Building on last year’s Heller decision, the Supreme Court voted 5-4 on June 28 in the McDonald v. Chicago case to incorporate the 2nd Amendment’s protection of gun ownership onto the states via the 14th Amendment. During the Reconstruction Era, relying on the controversial Slaughter-House case, the Cruikshanks, Presser v. Illinois, and Miller v. Texas decisions had expressly stated that the 2nd Amendment did not apply to the various states even though it was binding on the federal government.
The Reconstruction Era Court did not believe that the 2nd Amendment right to bear arms was a privilege or immunity of citizenship as contemplated by the first clause of the 14th Amendment. A plurality of the present Court – Alito, joined by Roberts, Scalia and Kennedy, and with Scalia writing an additional concurrence – navigated around the Reconstruction Era opinions by declaring that the right to bear arms extended onto the states via the Due Process Clause of the 14th Amendment.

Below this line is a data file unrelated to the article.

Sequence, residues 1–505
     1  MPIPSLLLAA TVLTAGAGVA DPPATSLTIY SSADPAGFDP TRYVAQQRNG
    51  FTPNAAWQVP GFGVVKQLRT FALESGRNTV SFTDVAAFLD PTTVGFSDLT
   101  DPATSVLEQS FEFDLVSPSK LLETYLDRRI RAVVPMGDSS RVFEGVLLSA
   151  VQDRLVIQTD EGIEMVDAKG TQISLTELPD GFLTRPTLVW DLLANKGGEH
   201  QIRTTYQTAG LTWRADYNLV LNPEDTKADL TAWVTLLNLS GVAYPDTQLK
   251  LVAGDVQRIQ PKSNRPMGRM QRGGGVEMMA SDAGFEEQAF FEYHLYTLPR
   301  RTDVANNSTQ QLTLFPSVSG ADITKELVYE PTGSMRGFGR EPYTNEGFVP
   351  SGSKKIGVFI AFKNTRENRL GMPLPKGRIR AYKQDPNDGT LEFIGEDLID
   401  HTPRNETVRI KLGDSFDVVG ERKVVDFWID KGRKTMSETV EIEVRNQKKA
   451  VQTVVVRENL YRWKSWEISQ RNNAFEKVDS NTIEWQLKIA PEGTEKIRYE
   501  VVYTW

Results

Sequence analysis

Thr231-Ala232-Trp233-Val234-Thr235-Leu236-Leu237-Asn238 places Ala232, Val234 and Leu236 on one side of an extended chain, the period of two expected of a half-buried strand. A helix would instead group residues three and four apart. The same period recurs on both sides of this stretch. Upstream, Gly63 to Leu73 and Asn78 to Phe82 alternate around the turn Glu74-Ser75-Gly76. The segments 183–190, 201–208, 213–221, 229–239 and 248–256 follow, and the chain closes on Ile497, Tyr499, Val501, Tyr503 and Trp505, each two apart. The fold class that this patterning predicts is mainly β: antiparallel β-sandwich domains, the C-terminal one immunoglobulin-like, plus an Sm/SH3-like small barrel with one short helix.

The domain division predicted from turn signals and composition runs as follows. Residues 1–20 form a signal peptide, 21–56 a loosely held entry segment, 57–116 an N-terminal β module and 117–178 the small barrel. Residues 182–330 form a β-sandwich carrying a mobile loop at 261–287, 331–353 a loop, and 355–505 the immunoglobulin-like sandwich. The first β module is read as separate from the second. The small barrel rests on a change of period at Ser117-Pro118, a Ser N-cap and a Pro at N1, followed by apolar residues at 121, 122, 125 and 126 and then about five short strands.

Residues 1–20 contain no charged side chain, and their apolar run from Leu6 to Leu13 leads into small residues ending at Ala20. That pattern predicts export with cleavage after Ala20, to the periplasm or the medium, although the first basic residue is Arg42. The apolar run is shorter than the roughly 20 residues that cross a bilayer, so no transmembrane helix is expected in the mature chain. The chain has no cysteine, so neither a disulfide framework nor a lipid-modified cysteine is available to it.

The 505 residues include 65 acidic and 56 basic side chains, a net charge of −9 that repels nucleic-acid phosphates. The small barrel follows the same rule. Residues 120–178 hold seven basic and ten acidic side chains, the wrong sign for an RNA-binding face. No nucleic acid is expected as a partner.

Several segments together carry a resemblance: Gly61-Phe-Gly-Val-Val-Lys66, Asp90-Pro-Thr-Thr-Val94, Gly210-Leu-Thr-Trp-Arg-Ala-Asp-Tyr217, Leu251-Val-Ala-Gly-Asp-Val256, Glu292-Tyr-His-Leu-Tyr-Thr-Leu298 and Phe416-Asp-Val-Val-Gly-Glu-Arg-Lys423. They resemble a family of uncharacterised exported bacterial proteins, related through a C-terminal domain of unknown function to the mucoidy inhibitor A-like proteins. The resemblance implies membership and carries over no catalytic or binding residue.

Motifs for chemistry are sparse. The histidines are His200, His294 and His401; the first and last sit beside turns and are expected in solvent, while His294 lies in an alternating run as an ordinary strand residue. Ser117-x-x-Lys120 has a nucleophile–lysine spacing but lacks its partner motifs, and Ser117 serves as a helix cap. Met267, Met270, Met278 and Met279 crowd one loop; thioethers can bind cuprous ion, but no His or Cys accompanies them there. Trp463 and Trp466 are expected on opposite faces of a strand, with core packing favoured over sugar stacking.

The decision to extend using the Due Process Clause is merely a plurality, rather than a majority, because Thomas voted to directly overturn the Slaughter-House-Cruikshanks line and extend the 2nd Amendment via the Privileges and Immunities provision. What this means for us is that, while the Court’s decision to incorporate is binding against the states, there is technically no settled authority on the precise scope of gun regulations that will still pass muster.
Nevertheless, those of us who consider the 2nd Amendment to stand for a defense of individual liberty and self-determination are now more secure in our right to self-defense that was so important to our nation’s founders.
– A.J. SmullenIntern, Center for Effective Justice